Kalakaua Avenue's redesigned sidewalks make walking along the avenue more interesting and enjoyable, especially on a hot day. Photo courtesy Paul Luersen.

Defining Characteristics, Features


  • Long associated with Hawaiian Royalty and VIP visitors
  • Kalakaua serves as the main entryway into Waikiki since the 1800s; known as Waikiki road until 1908, the street is named in honor of King Kalakaua, the last king of the Kingdom of Hawaii
  • 1868 carriage replaced by horse-driven tramcar in 1888 and electric trolley in 1901; in 2004, Bus Rapid Transit System for Kalakaua is discontinued because of costs and low ridership
  • Ala Wai Canal (1921-1928) initially proposed by Lucius Pinkham, president of Hawaii's Territorial Board of Health; canal enables wetlands drainage, allows Waikiki development
  • Throughout World War II, several hotels along Kalakaua, including the Royal Hawaiian Hotel, served as a place of rest and relaxation for U.S. servicemen; tourism picks up after war ends


  • University of Hawaii study (2012) details state-wide sustainability milestones — greenhouse gas emission reductions by 2020 and adoption of 70 percent clean energy by 2030
  • Studies by geologist Charles "Chip" Fletcher and others predict sea level rise for Hawaii of 1 foot by 2050 and 3 feet by 2100; 3-foot rise would flood Kalakaua Avenue as it is built today
  • Without adaptation, losing Waikiki beach could cause $2 billion drop in annual visitor spending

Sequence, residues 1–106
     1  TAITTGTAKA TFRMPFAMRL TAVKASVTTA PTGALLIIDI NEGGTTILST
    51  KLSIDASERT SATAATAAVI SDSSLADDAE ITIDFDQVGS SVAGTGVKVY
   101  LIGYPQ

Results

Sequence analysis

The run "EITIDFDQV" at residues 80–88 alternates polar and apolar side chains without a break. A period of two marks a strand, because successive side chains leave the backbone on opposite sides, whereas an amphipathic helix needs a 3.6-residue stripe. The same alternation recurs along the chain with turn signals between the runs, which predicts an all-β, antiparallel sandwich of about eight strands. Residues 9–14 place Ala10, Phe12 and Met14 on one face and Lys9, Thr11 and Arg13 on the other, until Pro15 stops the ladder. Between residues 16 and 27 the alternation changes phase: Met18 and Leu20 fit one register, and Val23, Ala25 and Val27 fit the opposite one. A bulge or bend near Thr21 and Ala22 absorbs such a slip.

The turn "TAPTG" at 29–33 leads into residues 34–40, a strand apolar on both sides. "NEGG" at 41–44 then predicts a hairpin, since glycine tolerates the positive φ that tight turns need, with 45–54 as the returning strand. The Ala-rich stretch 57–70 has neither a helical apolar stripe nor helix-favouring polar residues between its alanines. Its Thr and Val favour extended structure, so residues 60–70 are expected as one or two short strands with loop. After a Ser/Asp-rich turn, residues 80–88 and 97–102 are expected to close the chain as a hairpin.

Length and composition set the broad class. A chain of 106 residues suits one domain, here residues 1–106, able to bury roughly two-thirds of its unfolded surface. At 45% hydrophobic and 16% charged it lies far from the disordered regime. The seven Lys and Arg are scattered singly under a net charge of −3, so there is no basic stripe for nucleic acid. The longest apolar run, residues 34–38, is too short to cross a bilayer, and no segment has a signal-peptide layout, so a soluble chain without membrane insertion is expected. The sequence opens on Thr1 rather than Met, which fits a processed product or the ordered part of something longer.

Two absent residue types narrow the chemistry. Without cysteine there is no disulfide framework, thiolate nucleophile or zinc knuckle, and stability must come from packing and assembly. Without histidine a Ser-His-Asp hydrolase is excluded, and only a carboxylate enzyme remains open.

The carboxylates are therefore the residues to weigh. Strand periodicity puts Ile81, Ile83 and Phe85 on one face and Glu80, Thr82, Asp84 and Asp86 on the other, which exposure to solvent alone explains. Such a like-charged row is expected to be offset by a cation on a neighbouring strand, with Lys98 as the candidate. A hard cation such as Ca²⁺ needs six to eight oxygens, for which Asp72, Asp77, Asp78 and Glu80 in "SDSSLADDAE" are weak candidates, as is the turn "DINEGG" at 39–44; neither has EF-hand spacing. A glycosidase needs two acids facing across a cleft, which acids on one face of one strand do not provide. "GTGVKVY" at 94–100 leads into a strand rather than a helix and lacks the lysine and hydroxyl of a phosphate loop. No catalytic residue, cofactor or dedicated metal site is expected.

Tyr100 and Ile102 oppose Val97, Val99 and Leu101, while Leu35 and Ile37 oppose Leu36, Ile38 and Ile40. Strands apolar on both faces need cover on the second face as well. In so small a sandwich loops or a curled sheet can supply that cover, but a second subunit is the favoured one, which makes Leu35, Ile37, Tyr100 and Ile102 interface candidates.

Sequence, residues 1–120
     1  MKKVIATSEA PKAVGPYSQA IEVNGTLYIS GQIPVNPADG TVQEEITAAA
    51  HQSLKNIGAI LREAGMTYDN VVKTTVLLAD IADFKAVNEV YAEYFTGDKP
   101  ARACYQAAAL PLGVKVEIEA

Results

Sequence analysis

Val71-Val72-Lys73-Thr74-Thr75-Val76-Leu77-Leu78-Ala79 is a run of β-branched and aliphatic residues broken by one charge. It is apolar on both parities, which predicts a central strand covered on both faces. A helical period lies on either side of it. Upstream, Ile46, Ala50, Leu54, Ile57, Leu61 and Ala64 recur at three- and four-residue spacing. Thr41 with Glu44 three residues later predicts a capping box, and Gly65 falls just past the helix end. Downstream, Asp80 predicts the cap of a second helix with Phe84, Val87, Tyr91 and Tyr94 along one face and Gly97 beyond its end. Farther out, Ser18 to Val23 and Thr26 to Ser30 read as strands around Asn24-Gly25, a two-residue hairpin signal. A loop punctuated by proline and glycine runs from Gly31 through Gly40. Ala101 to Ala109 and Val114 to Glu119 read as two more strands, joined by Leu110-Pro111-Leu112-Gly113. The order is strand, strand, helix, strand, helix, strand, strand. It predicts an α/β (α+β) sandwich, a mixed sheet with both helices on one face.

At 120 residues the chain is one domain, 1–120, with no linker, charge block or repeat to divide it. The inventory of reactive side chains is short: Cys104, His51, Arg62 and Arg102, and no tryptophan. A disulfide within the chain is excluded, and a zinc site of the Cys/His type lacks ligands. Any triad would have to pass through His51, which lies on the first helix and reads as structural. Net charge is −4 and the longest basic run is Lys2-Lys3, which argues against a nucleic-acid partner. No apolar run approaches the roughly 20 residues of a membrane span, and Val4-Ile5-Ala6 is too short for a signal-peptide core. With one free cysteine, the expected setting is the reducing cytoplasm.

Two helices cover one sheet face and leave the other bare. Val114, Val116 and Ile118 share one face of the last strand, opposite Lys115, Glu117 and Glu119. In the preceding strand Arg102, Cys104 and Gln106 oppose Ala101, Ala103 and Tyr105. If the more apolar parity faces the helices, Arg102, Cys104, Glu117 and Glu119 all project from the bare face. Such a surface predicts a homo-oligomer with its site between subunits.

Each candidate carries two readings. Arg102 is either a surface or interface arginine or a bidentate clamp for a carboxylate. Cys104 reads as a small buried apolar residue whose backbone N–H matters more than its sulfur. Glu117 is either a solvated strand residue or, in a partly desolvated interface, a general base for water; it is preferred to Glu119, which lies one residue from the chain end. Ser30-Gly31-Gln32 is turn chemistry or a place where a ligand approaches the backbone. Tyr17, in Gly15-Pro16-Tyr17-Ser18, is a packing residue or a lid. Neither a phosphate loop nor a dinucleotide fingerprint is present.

Economic, Urban Development

  • Waikiki Livable Community project examines how public streets, sidewalks, rights-of-way are used and how they could be improved for better transport (2003)
  • During the past decade, private sector spent more than $3.4 billion upgrading infrastructure throughout Waikiki and along Kalakaua, refurbishing and redesigning hotels
  • Kalakaua Avenue is North America's fifth-most expensive retail market; luxury stores include Chanel, Prada, Tiffany's; as of 2004, storefronts along Kalakaua are nearly 100 percent occupied
  • Waikiki is the most-advertised tourist destination in state, contributing almost 44 percent of Hawaii's tourism revenue; accommodates approximately 85,000 visitors daily

Tourism, Local Attractions

  • Royal Hawaiian Hotel, also known as the Pink Palace of the Pacific, is icon of Hawaii's glory days; built in 1927, hotel was designed in the Spanish and Moorish style
  • Moana Hotel (1901), also known as the First Lady of Waikiki, listed in the National Register of Historic Places; hotel designed in a Hawaiian Gothic fusion style
  • Diamond Head is a volcanic tuff cone located right off Kalakaua; designated as a National Natural Landmark (1968); tuff cone resembles the shape of a tuna's dorsal fin
  • Waikiki Historic Trail designed in 1994; marked by bronze signs in the shape of surf boards, the trail leads tourists to important historic sights both on and off Kalakaua Avenue
  • Kalakaua Avenue often closed to traffic for parades, other significant events including Honolulu Marathon, Brunch on the Beach, Sunset on the Beach
  • Hawaii's largest and oldest public park, Kapiolani Regional Park, located along east end of Kalakaua; park serves as a natural border between Waikiki and Diamond Head
  • Fort DeRussy Military Reservation, located near Royal Hawaiian Hotel, was important American bastion of defense (1908); it is now a public park with the Hawaii Army Museum and a hotel and dedicated to the U.S. military

History and traditional Hawaiian culture are kept alive through floral parades and the Waikiki Historic Trail that showcases significant places throughout the famous beach district. Photo courtesy Hawaii Tourism Authority (HTA)/Tor Johnson.